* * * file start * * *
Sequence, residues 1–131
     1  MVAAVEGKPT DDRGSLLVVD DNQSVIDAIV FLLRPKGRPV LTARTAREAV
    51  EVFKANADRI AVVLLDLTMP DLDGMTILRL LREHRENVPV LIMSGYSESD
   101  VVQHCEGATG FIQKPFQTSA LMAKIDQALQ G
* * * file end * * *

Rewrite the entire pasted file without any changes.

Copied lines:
Sequence, residues 1–131
     1  MVAAVEGKPT DDRGSLLVVD DNQSVIDAIV FLLRPKGRPV LTARTAREAV
    51  EVFKANADRI AVVLLDLTMP DLDGMTILRL LREHRENVPV LIMSGYSESD
   101  VVQHCEGATG FIQKPFQTSA LMAKIDQALQ G